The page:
bq. This is not a line of thinking I wish to see furthered in any modern web builds.
I agree it isn’t ideal, but offscreen positioning is the only reliable way to visually hide content without making it inaccessible to assistive technologies. Perhaps that will change in the future, but it’s what works best now.
bq. When “˜accessibly-hidden’ is added via JQuery is it changing the state of display: none and adding text-indent and/or positioning CSS to achieve the same effect? Why is the slideDown(0) in the hiding portion of the code?
The “accessibly-hidden” @class@ simply hides the content by positioning it off-screen. When jQuery applies that @class@, the content is hidden from view and the @slideUp@ (which originally hid the content by adjusting the element’s height before setting @display:none@) can be reversed (thereby removing the @display:none@ CSS property jQuery had applied). It’s kind of like sleight of hand.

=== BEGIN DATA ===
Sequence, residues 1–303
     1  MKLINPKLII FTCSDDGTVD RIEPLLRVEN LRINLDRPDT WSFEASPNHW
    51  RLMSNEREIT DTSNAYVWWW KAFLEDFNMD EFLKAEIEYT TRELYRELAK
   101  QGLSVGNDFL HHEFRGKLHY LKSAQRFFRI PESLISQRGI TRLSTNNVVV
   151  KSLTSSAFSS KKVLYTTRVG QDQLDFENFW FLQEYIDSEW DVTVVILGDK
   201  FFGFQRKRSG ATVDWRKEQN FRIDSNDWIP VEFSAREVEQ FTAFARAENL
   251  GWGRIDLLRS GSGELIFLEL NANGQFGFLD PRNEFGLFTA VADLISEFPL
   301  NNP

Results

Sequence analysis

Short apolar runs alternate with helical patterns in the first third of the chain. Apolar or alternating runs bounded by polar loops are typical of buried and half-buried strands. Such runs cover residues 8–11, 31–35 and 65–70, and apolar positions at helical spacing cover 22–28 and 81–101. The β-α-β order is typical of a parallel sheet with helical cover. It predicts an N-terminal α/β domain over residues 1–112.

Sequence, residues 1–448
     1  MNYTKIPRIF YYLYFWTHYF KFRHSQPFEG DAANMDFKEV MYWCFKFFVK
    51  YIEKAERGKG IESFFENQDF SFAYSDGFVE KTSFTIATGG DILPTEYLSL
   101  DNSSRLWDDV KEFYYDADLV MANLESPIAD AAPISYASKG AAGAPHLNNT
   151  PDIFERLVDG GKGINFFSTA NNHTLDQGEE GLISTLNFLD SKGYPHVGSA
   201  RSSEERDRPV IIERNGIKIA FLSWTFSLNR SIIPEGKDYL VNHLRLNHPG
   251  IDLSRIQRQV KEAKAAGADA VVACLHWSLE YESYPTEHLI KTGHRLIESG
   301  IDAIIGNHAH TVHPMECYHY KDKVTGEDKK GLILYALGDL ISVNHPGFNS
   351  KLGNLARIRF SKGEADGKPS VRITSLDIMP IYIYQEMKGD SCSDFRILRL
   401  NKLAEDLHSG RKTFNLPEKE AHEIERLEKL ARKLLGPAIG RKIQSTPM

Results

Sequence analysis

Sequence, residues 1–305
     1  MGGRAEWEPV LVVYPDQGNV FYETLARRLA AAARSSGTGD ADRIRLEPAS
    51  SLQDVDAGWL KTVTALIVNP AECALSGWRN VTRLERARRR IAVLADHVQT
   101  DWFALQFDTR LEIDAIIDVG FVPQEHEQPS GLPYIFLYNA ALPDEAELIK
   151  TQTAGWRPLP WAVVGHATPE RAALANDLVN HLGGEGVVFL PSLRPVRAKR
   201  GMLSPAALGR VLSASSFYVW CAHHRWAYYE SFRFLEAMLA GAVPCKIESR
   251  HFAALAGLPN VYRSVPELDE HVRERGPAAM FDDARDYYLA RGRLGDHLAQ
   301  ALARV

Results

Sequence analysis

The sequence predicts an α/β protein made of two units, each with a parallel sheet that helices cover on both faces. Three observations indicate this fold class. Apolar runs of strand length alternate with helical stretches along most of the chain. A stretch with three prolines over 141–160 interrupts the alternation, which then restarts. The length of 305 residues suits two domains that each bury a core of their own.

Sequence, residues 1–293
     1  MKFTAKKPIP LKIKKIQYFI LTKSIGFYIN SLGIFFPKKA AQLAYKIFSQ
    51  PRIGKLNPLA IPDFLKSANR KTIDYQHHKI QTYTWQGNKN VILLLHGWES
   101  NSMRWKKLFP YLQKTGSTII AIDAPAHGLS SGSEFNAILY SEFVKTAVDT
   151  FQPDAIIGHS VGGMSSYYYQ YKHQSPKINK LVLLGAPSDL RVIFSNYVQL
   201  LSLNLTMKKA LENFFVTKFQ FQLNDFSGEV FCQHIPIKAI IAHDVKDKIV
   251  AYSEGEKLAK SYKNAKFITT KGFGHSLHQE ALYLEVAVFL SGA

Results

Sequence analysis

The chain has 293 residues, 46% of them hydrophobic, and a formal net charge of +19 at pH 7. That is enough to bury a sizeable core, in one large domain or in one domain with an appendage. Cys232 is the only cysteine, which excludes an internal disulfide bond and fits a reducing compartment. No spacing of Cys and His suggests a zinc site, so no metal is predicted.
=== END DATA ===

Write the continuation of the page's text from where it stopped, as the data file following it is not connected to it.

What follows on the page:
The steps are reversed when a user goes to expand the element again.
bq. Excuse my ignorance but are these software readers or actual devices? if it’s hardware, are there emulators available?
In some cases, they are software (such as screen readers like the excellent NVDA catchmyfame mentioned). In other cases, they are a hardware/software combination (e.g. a braille printer or touch-feedback device). I am not aware of emulators for hardware-based assistive technologies. I don’t think they’re often needed; most hardware-based assistive tech has a direct equivalency to more common input devices (e.g. mouse, keyboard, etc.) and output devices (e.g. printers, speakers, etc.).
Would I program visual effects for blind people?